To understand the divisions and help determine ad placement on the various pages, Rajaram recommends preparing a conception model of the site. Is the site small and homogeneous, with the same kind of content and design throughout? Or is it more general and heterogeneous, with many different kinds of content and various designs? A newspaper site’s sports section, for example, might have a large photo in the middle of the page, while general news may be text-heavy and the classified section might have only listings. A publisher will want to treat each section differently and track each individually.

Meanwhile, don’t think you’ll get away with any tricks, such as artificially incorporating keywords into the text to generate more sales or leads. Google has something called “smart pricing,” which is a ranking system that can detect that kind of thing—and resulting in your page being selected less frequently by the system. “Just create quality content,” Rajaram advises. “Users will come to your site, and that will increase the number of page views. Then, use the channels to track your metrics. See how it affects your site visitors. And if you’re selling products on your site, see if the ads help or hurt sales. Within a week—perhaps within a day if you have enough traffic—you can determine whether to continue. Lots of publishers are doing just that.”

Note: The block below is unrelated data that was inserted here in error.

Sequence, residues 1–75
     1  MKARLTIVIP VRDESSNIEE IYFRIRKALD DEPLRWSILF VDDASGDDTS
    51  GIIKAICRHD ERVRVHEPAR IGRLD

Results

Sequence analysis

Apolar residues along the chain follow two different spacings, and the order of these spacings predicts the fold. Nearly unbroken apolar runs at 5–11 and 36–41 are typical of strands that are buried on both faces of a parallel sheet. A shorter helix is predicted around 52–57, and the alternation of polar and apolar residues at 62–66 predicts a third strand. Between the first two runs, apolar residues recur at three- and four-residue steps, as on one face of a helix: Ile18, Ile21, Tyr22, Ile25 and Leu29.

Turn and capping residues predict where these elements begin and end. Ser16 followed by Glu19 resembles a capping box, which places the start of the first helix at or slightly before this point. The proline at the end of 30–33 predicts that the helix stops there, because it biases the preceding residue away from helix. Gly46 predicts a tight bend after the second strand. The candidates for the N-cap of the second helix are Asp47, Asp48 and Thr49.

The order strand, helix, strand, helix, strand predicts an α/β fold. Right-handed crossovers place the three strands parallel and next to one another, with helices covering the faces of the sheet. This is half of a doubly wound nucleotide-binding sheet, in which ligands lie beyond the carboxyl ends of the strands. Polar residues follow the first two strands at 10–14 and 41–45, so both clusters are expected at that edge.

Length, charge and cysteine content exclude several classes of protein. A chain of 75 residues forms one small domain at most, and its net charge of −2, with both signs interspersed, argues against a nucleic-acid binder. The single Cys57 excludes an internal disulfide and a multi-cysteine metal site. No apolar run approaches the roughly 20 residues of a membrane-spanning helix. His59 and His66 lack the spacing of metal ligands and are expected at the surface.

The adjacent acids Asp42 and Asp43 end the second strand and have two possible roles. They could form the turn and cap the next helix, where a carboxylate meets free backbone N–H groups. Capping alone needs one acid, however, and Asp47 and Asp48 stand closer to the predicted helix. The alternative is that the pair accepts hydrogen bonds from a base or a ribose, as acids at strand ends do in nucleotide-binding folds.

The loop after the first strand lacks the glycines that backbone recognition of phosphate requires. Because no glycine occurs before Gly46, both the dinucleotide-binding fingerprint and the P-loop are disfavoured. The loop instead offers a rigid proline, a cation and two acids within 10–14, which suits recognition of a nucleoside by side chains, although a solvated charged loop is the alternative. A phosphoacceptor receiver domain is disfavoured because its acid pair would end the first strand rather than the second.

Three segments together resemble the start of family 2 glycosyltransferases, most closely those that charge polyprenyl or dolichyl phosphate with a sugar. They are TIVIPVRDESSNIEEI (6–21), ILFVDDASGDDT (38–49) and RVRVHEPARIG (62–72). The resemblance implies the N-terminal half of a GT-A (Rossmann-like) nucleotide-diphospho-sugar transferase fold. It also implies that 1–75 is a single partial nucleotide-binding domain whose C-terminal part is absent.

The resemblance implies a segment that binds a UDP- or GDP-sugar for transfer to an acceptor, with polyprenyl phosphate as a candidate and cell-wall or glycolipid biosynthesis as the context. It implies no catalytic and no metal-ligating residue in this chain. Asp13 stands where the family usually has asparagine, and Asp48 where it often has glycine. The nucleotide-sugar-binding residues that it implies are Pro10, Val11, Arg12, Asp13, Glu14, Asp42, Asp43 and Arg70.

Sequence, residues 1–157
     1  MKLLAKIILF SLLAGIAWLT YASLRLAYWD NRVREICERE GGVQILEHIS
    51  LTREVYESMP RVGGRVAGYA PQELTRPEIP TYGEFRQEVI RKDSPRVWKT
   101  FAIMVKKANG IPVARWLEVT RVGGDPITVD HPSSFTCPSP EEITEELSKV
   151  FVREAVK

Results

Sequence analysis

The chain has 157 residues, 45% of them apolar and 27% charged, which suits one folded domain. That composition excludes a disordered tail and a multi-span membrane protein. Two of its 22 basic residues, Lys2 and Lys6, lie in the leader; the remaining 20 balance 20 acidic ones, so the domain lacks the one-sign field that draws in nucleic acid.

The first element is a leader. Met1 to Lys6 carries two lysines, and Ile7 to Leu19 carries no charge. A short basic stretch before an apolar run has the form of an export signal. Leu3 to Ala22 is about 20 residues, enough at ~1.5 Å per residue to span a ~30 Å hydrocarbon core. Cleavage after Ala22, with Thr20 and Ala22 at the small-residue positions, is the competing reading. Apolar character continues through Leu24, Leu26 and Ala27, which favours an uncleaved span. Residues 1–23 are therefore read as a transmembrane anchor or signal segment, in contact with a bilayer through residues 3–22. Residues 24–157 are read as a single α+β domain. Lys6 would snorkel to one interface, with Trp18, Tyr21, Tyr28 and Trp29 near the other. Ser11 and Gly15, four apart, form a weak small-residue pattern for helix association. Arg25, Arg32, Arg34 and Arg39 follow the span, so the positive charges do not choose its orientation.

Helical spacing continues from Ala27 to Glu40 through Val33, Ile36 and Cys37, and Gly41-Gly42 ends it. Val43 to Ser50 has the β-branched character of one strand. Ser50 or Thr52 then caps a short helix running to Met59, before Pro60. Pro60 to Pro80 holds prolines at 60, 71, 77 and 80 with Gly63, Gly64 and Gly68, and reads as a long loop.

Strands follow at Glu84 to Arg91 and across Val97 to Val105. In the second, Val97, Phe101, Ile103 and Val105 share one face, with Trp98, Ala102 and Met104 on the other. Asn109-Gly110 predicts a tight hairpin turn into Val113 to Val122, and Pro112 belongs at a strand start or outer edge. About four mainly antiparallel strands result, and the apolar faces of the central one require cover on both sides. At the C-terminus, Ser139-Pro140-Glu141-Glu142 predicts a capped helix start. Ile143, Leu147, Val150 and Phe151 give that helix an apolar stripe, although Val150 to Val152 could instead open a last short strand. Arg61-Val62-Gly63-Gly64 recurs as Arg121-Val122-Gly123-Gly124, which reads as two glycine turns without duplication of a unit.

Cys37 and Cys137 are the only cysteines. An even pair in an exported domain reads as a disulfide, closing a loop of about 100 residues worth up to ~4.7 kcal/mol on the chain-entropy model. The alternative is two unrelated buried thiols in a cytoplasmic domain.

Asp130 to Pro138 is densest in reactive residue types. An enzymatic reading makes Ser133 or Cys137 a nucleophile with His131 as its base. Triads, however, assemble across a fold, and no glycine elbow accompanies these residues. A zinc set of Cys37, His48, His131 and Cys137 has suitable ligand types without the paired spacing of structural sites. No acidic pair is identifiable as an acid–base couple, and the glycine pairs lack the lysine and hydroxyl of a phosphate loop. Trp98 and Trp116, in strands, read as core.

In fact, AdSense must be working for its partners—and for the AdWord advertisers. It certainly is working for Google. The company’s 2004 revenue of nearly $1.6 billion from the Google Network, comprised of AdSense and AdWord, represented 49 percent of Google’s total 2004 revenue and a 147 percent growth over 2003. also uses AdSense.